High-Frequency Welding: Principle, Features & Applications

Case Study Introduction

Structural steel, with its ease of installation, high precision, and high degree of industrialization, has become an essential material for constructing bridges, buildings, and other structures. High-frequency resistance welding can be used for the production of various structural steels such as T-shaped, I-shaped, and H-shaped.

The structural steel produced by high-frequency welding can reach a web height of 600mm, a flange width of 300mm, and a thickness of 12mm. High-frequency welding is particularly suitable for profiles that cannot be rolled by conventional hot rolling due to significant differences in thickness, asymmetric shapes, or are composed of different materials.

Basic Principles of High-Frequency Welding

High-Frequency Resistance Welding (HFRW) was invented in the early 1950s and quickly applied to industrial production. High-frequency welding is a welding method that utilizes resistance heat generated by a high-frequency current of 10~500kHz passing through the weld joint surface, reaching atomic bonding under applied pressure or no pressure.

Currently, high-frequency welding is mainly used in highly mechanized or automated pipe and profile production lines. The welding materials can be steel or non-ferrous metals, with a pipe diameter range of Φ6~Φ1420mm, and a wall thickness of 0.15~20mm. Smaller diameter pipes often use straight weld seams, while larger diameter pipes often use spiral weld seams.

Basic Types of High-Frequency Welding

Depending on the way high-frequency electric energy is introduced, high-frequency welding can be divided into high-frequency resistance welding and high-frequency induction welding. In high-frequency resistance welding, the current is introduced into the weldment for welding through direct contact between the electrode contact and the weldment.

In high-frequency induction welding, an induced current is generated inside the weldment for welding through the coupling of an external induction coil, without any physical electrical contact between the power source and the weldment.

Although these two methods introduce high-frequency current into the weldment differently, the principle of resistance heating and weld seam formation in the welding area by the electric current is the same. Both utilize the skin effect and the proximity effect of high-frequency current to achieve welding.

The skin effect is a phenomenon where the high-frequency current tends to flow on the surface of the metal conductor. The depth of current penetration is related to the type of metal material, temperature, and current frequency. As the current frequency increases, the depth of current penetration decreases, and the skin effect becomes more pronounced.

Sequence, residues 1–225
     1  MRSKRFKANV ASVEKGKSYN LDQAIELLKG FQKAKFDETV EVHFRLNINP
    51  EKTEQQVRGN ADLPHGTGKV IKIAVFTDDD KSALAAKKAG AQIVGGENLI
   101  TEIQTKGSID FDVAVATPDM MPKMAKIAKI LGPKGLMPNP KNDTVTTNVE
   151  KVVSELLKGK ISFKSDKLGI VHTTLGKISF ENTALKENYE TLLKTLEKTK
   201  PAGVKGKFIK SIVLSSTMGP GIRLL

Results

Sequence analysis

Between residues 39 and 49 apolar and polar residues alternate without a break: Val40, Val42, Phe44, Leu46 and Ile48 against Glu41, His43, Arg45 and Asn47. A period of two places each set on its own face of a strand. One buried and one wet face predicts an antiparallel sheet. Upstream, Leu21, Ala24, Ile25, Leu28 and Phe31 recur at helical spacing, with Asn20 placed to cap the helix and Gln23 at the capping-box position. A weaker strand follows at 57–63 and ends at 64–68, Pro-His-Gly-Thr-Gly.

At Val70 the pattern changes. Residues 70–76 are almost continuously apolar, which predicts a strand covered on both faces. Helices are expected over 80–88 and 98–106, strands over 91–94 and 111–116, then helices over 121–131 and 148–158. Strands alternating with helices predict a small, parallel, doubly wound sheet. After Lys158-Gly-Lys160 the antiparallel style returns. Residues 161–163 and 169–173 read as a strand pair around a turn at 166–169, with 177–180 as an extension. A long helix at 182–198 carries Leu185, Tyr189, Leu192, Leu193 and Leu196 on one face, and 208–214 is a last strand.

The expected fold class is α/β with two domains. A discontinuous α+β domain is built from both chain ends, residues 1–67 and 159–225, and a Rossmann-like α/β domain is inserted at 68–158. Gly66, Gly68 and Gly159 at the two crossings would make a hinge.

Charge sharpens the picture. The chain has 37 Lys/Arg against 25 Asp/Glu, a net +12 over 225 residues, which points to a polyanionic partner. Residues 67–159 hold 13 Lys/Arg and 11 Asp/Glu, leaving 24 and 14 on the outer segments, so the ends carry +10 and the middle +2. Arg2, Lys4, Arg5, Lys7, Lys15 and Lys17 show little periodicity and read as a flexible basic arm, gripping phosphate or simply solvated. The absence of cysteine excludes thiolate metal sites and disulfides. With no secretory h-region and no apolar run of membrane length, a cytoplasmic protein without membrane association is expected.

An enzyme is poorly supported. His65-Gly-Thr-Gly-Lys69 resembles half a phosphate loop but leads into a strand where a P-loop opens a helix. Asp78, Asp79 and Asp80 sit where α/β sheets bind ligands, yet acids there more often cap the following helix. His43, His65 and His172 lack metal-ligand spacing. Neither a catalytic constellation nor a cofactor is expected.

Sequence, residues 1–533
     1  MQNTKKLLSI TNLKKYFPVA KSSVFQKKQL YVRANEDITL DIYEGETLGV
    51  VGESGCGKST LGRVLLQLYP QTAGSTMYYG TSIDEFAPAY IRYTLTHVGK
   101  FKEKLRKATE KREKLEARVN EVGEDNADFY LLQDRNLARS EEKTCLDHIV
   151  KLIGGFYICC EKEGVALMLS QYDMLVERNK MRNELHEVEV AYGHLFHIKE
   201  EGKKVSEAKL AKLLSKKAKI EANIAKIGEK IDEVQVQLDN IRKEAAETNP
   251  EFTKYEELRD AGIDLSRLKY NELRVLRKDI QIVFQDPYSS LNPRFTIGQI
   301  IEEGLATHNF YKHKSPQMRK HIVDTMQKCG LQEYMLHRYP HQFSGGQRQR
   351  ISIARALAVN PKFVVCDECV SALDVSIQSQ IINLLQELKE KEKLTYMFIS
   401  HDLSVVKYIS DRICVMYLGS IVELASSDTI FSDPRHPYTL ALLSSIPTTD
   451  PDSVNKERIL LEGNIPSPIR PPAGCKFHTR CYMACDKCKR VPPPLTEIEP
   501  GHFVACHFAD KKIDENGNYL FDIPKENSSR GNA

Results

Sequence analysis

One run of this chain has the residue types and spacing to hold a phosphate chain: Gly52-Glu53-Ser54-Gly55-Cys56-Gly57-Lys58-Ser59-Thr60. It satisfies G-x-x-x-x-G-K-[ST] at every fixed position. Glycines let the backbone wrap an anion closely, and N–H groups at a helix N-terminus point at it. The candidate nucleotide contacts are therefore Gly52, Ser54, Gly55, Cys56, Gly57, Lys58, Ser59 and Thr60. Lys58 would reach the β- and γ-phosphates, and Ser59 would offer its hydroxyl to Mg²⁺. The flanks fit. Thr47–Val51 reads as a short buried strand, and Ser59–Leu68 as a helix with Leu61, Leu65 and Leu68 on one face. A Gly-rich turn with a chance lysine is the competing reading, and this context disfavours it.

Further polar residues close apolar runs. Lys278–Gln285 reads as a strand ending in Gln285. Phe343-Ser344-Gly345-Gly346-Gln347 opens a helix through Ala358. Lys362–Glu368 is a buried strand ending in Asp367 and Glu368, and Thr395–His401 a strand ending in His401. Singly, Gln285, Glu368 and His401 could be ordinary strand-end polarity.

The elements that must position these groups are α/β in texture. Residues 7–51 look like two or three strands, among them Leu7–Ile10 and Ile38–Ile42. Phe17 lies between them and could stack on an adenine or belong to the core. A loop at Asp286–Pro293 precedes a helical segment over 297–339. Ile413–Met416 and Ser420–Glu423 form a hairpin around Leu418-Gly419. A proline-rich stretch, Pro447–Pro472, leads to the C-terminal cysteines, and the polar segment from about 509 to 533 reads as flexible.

The proximity effect refers to the phenomenon where the current concentrates on the nearby side of the conductor when the high-frequency current flows in opposite directions in two conductors or in a reciprocating conductor, as shown in Figure 5-1.

Figure 5-1 Generation of Proximity Effect

a) Direct Current or Low Frequency Current
b) High Frequency Current

The proximity effect increases with frequency and intensifies with the proximity of the nearby conductor to the weldment, making the concentration and heating of the current more pronounced. If a magnetic core is added around the nearby conductor, the high-frequency current will concentrate more narrowly on the surface of the workpiece.

High-Frequency Welding Process and Its Essence

High-frequency welding is a process where the skin effect of high-frequency current concentrates the current on the surface of the workpiece to be welded.

The proximity effect is then utilized to control the flow path, position, and range of the high-frequency current, causing the current to flow only through the areas of the workpiece that need to be heated and heating them to the required welding temperature. Pressure is then applied to achieve connection.

Figure 5-2 shows the schematic diagram of the high-frequency welding principle for two small-length workpieces. Whether it’s a butt joint or a T-joint, the sections of the workpieces to be welded are parallel to each other with a certain gap. High-frequency current is introduced into the workpiece via contact, flowing in the direction of the arrow. The adjacent end faces form a reciprocating conductor.

The skin effect and the proximity effect of high-frequency current concentrate the current flow over the surface of the workpiece and quickly heat it to the welding temperature. A welded joint is formed after applying pressure.